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Manufacturing Exemption - Raw Materials as Real Property

A Texas appellate court recently allowed the manufacturing exemption for equipment used to process real property into products.

Lignite begins as real property and ends as tangible personal property.

Texas Westmoreland Coal Company (“Westmoreland”) owned and operated a lignite coal mine in Texas. Lignite, also called brown coal, is the lowest grade of coal, but like other forms of coal, is found in large veins underground. Hegar v. Texas Westmoreland Coal Co., No. 03-20-00406-CV (Tex. App.—Austin Oct. 7, 2021, no pet. h.).

To extract the coal, Westmoreland first removes the top layer of soil using a dragline (which was not at issue in the case) to expose the lignite formation. Then it uses a variety of excavators with large, toothed buckets to crack, break, or rip apart the lignite into smaller pieces to meet its customer’s size requirements. Once the buckets are full, the excavators drop the lignite into dump trucks from approximately 12 feet high, further breaking the lignite apart. At the end of the process, the lignite ranges from the size of a pea to no larger than a soccer ball.

Westmoreland claimed the manufacturing exemption on its purchase of the excavators.

Manufacturing exemption statute does not require that raw materials must begin as tangible personal property.

The manufacturing exemption applies when:

  1. Tangible personal property, such as excavators, are “directly used or consumed” during the “actual manufacturing, processing, or fabrication”;
  1. The tangible personal property (i.e., the excavators) “directly makes or causes a chemical or physical change to” the end product; and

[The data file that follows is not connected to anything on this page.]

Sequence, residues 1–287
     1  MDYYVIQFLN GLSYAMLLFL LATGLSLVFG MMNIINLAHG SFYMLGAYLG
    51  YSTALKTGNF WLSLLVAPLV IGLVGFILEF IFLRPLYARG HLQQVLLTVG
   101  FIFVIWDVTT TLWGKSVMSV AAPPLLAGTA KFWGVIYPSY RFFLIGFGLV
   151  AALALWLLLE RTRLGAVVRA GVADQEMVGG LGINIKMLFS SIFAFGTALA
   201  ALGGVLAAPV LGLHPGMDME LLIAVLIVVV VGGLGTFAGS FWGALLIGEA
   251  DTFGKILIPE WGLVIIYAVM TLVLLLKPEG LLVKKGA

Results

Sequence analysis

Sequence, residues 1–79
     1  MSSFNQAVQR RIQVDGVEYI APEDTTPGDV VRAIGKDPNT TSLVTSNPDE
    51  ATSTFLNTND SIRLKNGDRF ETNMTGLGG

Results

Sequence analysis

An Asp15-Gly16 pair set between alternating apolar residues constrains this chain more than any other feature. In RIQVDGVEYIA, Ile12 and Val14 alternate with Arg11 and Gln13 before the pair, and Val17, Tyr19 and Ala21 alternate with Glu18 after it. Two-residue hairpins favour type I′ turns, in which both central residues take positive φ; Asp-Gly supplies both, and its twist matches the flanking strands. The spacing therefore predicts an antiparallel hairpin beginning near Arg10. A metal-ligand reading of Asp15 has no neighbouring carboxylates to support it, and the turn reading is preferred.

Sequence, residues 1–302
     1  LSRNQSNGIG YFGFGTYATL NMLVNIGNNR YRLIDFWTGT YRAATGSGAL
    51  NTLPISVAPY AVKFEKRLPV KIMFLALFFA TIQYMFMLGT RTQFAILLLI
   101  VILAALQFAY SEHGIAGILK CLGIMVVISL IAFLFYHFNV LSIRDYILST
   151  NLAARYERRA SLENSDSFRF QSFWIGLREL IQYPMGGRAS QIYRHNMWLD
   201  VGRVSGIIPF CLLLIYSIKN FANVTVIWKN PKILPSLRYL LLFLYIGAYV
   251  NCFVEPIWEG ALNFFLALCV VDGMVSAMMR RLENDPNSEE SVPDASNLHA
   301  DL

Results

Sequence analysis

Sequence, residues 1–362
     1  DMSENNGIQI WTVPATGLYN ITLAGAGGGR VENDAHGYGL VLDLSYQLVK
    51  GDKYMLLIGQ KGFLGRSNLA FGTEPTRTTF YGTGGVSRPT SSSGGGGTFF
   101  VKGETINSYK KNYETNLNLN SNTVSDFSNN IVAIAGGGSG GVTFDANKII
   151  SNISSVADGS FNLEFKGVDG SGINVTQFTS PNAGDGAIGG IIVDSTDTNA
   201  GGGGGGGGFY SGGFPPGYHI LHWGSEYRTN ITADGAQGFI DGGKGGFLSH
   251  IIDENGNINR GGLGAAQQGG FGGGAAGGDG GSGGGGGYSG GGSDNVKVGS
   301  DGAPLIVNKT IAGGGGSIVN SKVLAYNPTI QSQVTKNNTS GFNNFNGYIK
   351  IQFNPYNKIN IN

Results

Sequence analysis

1. The end product is tangible personal property. See Tex. Tax Code § 151.318(a)(2)(A).

Notably, the statute does not require that the raw materials used as inputs to make the end product constitute tangible personal property. Under Texas law, minerals like lignite are considered real property until they are extracted or removed from the earth. Cage Bros. v. Whiteman, 163 S.W.2d 638, 641 (Tex. 1942); In re Estate of Ethridge, 594 S.W.3d 611, 616 (Tex. App.—Eastland 2019, no pet.). The Comptroller imposed a fourth requirement that the inputs (i.e., raw materials) into the manufacturing process constitute tangible personal property when the process begins.

Court refuses to read language into manufacturing exemption statute that Texas Legislature did not include.

Westmoreland, the trial court, and the Texas Court of Appeals all found that Westmoreland’s excavators meet the statutory requirements for the manufacturing exemption. The excavators were tangible personal property directly used in processing the lignite for sale; the excavators directly caused physical changes to the lignite by breaking it apart; and the end product—the lignite—was tangible personal property.

Importantly, the appellate court found that there was no explicit or implied requirement in the exemption statute that required a manufacturer’s raw materials to begin as tangible personal property, directly addressing an outstanding question that the Texas Supreme Court previously faced but avoided resolving on other grounds inSouthwest Royalties, Inc. 500 S.W.3d 400 (Tex. 2016).

The court also noted that the Comptroller had previously found equipment in analogous contexts to be exempt, such as equipment that shattered limestone and shale for processing into cement and explosives used to blast rock and sandstone to process gravel and sand.

Businesses that process minerals may claim manufacturing exemption from sales tax.

The Westmoreland case is important for any business that processes real property into products. These businesses may qualify to claim the manufacturing exemption for equipment used in the following contexts:

  • Processing oil, gas, and water for sale;
  • Mining precious metals such as gold, silver, or platinum;
  • Mining precious gems such as diamonds, rubies, or emeralds; and
  • Quarry operators producing limestone, sandstone, shale, sand, gravel, sulfur, and other earthen materials.

There may be other contexts where the Westmoreland case’s rationale would apply as well.

Please keep in mind, however, that in each of the above contexts, the statute still requires that the equipment “directly makes or causes a chemical or physical change” to the product, so not all equipment will qualify for the manufacturing exemption.

CPAs and other tax professionals unclear whether a client may qualify for the manufacturing exemption are welcome to call or email members of our firm for a courtesy consultation to get our thoughts. Such consultation does not, and is not intended to, constitute legal advice.